Arriving and Preparing in Juba
Marianne and I arrived in Juba yesterday (Tuesday) afternoon. Both of us started our journey on Sunday. The new terminal at the Juba airport is still under construction which appears to have come to a complete stop. So, Marianne got the full experience of flying into Juba’s old terminal building. After you deplane you walk across the tarmac, through the terminal doors and into purgatory. I won’t go so far as to say it’s hell (though it is really hot) because if I remember my theology, there’s no way out of hell. There is, however, a way out of immigration and customs at the Juba airport after you’ve paid your penance… er – $100 entry fee and pushed your way through to the front of the line. If you don’t push your way through to the front of the line you don’t seem to make any forward progress because everyone else is pushing their way to the front of the line. After about an hour you get your entry stamp and then wade through the giant pile of bags to find your checked baggage.
The highlight of our evening was meeting Michael’s fiancé, Deborah. We didn’t have much time together but I’ve gotta say, “Way to go Michael!” Hopefully we’ll get a chance to meet again before we leave.
This morning we met Mel who lives in Calgary and is one of the primary stakeholders in the South Sudan Hotel chain. I tried to ask him about the business climate in South Sudan and strategies for attracting investors into the building sector. However, he seemed more interested in telling us his ideas for attracting young people to private industry rather than government jobs. This essentially amounted to telling us that more people need to take initiative to improve things. A noble statement, but a little too broad to be of much use. Clearly Mel must be thinking about running for office 🙂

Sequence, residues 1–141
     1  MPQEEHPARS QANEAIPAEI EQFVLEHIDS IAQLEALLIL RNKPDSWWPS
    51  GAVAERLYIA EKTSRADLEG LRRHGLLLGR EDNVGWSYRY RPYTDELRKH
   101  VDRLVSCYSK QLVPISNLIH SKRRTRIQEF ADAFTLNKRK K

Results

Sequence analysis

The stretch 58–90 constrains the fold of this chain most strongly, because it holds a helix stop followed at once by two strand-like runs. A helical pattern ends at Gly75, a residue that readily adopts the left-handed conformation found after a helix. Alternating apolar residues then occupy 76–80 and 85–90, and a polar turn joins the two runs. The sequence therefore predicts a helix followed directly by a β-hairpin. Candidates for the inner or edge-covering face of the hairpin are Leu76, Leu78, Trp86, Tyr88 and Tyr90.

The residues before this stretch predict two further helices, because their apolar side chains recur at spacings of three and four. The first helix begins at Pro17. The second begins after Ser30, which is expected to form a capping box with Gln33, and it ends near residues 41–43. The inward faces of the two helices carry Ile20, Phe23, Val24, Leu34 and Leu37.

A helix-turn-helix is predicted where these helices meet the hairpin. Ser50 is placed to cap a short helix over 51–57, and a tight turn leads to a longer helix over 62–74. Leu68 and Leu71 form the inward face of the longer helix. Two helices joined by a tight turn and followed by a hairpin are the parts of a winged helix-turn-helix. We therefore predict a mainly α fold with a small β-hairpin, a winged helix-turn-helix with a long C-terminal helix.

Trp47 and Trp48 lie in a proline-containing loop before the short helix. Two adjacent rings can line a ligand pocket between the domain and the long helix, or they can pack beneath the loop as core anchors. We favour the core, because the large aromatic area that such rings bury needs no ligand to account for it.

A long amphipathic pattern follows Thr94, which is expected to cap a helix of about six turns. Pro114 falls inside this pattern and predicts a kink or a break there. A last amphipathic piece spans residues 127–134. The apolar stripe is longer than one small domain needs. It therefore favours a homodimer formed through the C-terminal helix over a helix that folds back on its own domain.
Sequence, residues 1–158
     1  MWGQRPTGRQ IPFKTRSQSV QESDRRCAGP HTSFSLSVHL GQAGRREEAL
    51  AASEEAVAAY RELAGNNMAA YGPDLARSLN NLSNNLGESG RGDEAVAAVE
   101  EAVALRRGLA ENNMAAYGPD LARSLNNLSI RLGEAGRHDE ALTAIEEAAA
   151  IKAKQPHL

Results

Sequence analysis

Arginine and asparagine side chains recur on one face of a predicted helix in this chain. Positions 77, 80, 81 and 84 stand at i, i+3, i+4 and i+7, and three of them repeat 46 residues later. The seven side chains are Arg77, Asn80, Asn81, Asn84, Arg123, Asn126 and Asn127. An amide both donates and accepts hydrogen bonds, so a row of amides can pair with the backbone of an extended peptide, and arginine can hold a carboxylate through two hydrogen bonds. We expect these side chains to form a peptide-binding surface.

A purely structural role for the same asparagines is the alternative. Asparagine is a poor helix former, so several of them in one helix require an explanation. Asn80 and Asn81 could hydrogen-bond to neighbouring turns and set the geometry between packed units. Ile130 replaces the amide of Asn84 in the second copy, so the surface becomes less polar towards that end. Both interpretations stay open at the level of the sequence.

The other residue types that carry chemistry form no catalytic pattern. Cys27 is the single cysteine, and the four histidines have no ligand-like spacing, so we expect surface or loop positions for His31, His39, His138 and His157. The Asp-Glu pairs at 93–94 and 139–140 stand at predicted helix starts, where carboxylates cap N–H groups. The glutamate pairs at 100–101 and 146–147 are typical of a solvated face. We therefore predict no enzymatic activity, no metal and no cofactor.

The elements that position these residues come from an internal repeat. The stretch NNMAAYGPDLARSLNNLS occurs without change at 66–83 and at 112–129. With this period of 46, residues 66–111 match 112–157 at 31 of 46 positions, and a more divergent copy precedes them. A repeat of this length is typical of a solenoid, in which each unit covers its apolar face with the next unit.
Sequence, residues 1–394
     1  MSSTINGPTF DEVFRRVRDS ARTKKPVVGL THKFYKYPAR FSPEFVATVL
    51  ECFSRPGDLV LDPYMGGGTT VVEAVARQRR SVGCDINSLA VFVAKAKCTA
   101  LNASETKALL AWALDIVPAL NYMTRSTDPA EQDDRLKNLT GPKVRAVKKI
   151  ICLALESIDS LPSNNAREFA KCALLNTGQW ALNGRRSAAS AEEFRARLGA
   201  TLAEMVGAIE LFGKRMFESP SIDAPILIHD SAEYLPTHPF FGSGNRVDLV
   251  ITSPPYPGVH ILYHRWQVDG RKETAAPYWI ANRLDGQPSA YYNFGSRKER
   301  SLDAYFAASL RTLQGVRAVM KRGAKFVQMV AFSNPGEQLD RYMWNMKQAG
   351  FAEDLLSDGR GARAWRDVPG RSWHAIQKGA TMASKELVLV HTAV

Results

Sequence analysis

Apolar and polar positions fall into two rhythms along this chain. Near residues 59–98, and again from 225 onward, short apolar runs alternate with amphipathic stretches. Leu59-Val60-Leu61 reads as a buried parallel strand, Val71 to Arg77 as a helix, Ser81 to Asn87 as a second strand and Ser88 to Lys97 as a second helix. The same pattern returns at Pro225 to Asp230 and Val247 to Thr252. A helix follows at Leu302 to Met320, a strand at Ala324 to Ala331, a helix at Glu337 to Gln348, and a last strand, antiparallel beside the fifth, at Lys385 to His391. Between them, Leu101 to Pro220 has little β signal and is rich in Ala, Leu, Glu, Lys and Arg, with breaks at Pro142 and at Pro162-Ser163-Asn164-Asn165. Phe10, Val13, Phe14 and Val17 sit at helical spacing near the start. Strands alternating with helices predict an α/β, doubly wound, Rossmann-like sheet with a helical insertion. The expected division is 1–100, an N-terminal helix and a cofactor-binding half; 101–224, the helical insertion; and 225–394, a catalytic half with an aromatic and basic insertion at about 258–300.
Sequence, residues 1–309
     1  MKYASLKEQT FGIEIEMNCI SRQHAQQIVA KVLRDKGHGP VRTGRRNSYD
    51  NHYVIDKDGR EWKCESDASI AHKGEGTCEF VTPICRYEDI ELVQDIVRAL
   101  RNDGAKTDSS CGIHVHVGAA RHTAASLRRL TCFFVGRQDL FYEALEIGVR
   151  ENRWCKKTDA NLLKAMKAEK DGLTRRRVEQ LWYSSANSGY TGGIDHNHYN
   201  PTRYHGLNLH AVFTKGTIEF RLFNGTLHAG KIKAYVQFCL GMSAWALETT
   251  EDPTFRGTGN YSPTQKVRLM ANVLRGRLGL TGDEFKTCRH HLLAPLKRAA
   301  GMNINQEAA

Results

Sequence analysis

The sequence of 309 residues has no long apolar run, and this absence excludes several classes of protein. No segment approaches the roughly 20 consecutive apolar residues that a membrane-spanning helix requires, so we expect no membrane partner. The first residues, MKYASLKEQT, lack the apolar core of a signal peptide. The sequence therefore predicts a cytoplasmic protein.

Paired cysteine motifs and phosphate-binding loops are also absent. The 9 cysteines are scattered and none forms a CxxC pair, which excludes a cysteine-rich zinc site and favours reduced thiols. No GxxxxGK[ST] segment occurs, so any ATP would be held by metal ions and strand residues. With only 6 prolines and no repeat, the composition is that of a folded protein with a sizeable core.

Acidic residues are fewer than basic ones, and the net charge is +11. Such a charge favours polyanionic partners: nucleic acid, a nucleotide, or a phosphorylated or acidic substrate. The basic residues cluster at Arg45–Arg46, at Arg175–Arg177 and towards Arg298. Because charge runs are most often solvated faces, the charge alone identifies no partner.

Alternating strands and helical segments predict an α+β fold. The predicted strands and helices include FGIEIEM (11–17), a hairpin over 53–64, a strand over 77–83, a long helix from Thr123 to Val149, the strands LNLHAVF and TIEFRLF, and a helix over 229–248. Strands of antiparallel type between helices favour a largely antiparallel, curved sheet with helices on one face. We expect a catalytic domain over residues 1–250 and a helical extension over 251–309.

Now, on to the task at hand, groundbreaking and construction. We met with our contractor, Denis, this morning. I remember being totally impressed with Denis when I met him last year. I still am. Talking with him for five minutes lifted a huge weight off my shoulders. His abilities continue to amaze me. We’re in a bit of a holding pattern for the next couple of days while he arranges logistics and services all the equipment. We’ll be on the road Friday and will head straight to Jalle. We’ll lay out the foundation grid on Saturday as well as install some test piers to hone our technique. If we work Sunday (I’m assuming we will) we should be installing the first row of piers. Over the next few days we should start to see the building take shape which is good, because Marianne and I only have about 6 full days on site before we have to head home. If things go smoothly, we should see quite a lot of forward progress in 6 days. If we run into problems, hopefully 6 days will be sufficient to work through them so that construction can begin in ernest after we leave.
Denis had just returned from the site, actually, and his report is that security does not seem to be a concern for the moment. Everyone in Jalle was very excited to know that construction was finally going to start.
-Blake, executive director